by Lee Teschler

So when the test vehicle showed up, I was expecting to see the familiar outline of a dumpy sport UTE. Surprise: The little crossover SUV is now based on a European Opel called the Antera. It’s a big improvement and looks downright sporty.

Auto writers used to complain about the poor fit of the Vue’s plastic body panels. They are a thing of the past, and the redesigned vehicle is well executed inside and out.

It also has some zip. The XE model we drove had a 3.5-liter pushrod V6 and a six-speed automatic as standard equipment. The 222-hp SUV accelerates nicely and moves through traffic without any problems. Some reviewers note that the Vue is heavier than some of the vehicles it competes against – about 500 lb heavier than the Rav 4, for example. The bad news is that the weight makes the mileage ratings only so-so, 15/22 mpg in city/highway driving. The good news is that the Institute for Highway Safety rates the new Vue “Good overall” for crashworthiness, thanks in part to the extra pounds. Also in the safety department, it carries a full complement of air bags — front, side, and curtain — as well as traction control and active head restraints. This is all standard equipment.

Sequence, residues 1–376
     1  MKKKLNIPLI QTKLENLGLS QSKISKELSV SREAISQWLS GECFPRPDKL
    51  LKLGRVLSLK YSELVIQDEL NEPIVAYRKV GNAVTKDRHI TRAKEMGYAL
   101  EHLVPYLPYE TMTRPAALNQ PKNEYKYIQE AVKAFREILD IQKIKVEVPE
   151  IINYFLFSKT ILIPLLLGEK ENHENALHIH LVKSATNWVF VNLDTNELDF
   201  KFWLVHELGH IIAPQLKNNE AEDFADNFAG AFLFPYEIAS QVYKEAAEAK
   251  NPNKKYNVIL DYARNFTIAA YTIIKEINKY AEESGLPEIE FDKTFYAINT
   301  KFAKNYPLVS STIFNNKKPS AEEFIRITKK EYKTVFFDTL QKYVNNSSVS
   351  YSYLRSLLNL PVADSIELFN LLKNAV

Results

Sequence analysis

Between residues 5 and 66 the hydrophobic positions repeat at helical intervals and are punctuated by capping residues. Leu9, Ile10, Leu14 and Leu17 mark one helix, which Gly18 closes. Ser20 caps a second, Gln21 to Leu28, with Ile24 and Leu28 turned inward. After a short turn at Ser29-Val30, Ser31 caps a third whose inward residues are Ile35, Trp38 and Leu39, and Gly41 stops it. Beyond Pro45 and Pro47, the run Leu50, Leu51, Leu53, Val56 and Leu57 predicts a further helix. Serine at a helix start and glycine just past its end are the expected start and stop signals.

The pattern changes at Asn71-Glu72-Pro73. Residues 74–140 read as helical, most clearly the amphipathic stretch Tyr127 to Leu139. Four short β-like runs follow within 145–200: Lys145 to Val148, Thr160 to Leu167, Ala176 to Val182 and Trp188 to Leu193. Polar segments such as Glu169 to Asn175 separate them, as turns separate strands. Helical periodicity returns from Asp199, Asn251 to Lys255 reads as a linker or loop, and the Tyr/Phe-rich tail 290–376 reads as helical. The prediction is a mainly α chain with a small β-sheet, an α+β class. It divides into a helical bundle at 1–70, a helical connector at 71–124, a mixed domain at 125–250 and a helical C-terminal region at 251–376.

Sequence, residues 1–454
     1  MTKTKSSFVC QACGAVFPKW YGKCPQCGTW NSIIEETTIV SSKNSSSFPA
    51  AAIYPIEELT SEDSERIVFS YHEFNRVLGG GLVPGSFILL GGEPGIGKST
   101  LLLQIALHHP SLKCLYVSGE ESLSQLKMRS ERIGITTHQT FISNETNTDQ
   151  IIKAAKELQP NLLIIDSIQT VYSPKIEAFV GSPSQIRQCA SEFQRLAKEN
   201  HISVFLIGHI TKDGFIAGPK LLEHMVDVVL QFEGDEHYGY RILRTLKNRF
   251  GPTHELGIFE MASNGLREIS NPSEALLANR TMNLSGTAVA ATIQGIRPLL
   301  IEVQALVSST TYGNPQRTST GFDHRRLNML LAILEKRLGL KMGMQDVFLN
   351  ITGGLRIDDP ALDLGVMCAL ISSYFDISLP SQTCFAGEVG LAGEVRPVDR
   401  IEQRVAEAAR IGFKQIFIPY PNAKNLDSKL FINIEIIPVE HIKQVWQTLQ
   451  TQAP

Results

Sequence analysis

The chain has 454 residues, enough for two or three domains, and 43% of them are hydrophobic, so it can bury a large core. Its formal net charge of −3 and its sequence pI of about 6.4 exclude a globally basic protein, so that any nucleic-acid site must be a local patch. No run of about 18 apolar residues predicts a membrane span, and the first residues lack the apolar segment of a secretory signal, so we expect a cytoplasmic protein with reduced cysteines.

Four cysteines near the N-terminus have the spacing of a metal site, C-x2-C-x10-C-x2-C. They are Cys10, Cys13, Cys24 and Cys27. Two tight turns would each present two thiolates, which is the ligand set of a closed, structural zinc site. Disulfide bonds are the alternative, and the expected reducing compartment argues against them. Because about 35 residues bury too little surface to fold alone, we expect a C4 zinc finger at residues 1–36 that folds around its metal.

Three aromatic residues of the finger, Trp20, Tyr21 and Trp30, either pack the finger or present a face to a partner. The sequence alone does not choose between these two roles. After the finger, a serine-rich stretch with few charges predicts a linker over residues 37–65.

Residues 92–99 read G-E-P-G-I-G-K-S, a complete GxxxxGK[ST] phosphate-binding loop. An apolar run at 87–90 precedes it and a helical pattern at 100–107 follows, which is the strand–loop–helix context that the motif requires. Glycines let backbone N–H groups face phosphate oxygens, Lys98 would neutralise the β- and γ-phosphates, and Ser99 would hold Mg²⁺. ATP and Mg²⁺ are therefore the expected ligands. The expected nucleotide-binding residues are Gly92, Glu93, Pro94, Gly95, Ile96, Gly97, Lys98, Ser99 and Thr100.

The suspension is strut in front, multilink in back. Strut suspensions aren’t known for their ride quality, but the Vue handles bumps well nevertheless. The front bucket seats are comfortable and there is little road noise.

The interior is sharp considering the car’s price range. The plastic parts are textured and don’t look cheap. OnStar gets thrown in free for the first year, and the six-speaker audio system does a nice job with the satellite radio.

You get about 54 ft3 of space in back with the rear seats folded down, about 25 ft3 less than some other vehicles in this class. Still, the rear seats fold down easily. We filled the back with a halfdozen rolls of fiberglass insulation.

The only options on the XE model we drove were roof rails and floor mats. They added $230 to the $24,570 base price. You can also get this model with a four-cylinder engine for about $3,000 less, but I can’t recommend it. The six-cylinder XE has some zip, but I suspect the same car with a 2.4-liter four banger would be doggy. And the gas mileage is better but not markedly so. Similarly, there’s an XR version with a bigger V6 generating 35 hp more. People who do an appreciable amount of towing might find this option attractive.

Other features of note on the Vue are 16-in. chrome wheels, a tire-pressure monitoring system, and steering-wheel controls for the cruise system and the audio. All in all, it is a well appointed vehicle that isn’t a bad deal for something selling in the mid-$20s

 

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